The other day, I wrote about attempting to drill through glass and I finished up the project this weekend. I think it turned out beautifully — I love the idea of bottled light thanks to Christmas Lights in a bottle!
These would be pretty by a wintery window or under an entry table. I like the way the gold paint makes the bottom of the bottles look misty and glow-y, even during the daytime.
I’ve got a ton of images and DIY instructions below if you’d like to try this too.
CHRISTMAS LIGHTS IN A BOTTLE TUTORIAL
I started with these apple juice bottles. I have long admired these bottles — I love the contrast of the big round barrel and the teeny little handle — and was glad to finally come up with a project where I could use them. The juice is good too! I got impatient waiting for the family to finish up the contents, so I had my oldest son pour what was left into another pitcher, then I washed out the inside.
Next, for my Christmas lights in a bottle project, I used my handy mini scraper tool to take off the label. This tool is basically a straight edge razor blade with a handle. When you’re done using it, you can flip the blade upside down so the sharp part is hidden in the handle. Such a useful tool! I use it to take sticky things off windows and other glass — no chemicals required.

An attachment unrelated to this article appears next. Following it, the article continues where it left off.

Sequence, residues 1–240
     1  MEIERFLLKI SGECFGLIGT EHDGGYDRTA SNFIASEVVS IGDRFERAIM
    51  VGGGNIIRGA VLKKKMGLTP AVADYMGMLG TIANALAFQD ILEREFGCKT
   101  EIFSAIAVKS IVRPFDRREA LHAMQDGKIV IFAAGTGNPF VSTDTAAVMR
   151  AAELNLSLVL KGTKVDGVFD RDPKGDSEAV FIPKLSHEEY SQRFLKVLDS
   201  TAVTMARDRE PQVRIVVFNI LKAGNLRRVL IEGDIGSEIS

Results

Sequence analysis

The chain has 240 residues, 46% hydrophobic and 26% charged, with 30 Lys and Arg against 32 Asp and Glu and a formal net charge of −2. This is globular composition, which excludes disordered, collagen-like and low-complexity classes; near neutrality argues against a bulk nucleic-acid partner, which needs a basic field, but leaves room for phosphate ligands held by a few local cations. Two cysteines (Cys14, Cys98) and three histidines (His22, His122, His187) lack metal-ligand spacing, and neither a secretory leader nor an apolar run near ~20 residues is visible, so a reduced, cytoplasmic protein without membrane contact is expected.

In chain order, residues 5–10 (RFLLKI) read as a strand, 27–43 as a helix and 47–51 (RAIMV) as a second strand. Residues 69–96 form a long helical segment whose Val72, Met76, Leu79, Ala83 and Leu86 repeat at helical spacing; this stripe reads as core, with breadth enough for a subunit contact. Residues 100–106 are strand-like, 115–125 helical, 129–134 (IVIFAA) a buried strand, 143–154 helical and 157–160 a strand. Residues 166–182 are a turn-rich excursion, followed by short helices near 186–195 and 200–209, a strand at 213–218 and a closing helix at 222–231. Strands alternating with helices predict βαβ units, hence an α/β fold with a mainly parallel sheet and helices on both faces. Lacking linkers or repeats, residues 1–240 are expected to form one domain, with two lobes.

Once the bottle was clean and label free, it was time to drill through the glass. We used a 3/8″ drill bit designed for glass and tile. The drilling takes a little while — maybe 20 minutes — because you can’t go too fast. The drilling will create white dust (I guess it’s technically sand) and as the hole gets bigger, it will smoke a bit from the heat.
[UPDATE: Hah! Apparently I did it all wrong. Lots of readers are chiming in with suggestions for safer and easier and faster ways to do this. Among other things, suggestions include wearing a mask, drilling while using water to cool the bit, and using other tools entirely.]
Next we painted. I experimented with some old jam jars and baby food jars first to try different techniques — like paint dripped from plastic spoons. But the kids voted and liked the sponged look best, so that’s what we did for the final project.
I used a disposable sponge brush and Liquid Leaf paint — but any metallic enamel paint should work. The paint is not water-cleanup, so a disposable brush is great for this project. I only needed a little bit of paint to get the coverage I wanted. Instead of brushing the paint on, I was mostly “patting” into place.
Once the paint was dry (it dries very quickly), we started stuffing our Christmas lights in the bottle. You’ll need a 50 light string that is not made to connect end-to-end. We had the hardest time finding lights like this. We went to 4 stores, but they all carried only end-to-end lights (which are the kind I prefer for my Christmas tree). Finally, I tried to think of who might carry old-school Christmas lights and Big Lots came to mind — because they often carry items from last season. Hooray! They had just what we needed.
The lights fit through one at a time, but it was a bit tight — I would recommend using a slightly larger drill bit and the light stuffing would go much faster. Oscar and Maude loved this part the best. Stuff every light on the string in, and the plug will dangle out the back, ready to find an outlet.
And that’s it! The Christmas lights in a bottle are a very satisfying project and a fun addition to our holiday decor. Though really, these don’t have to be holiday at all. We could use these for any sort of event where we want a little glow-y light happening. Maybe we need to have a party where bottled light is the theme. : )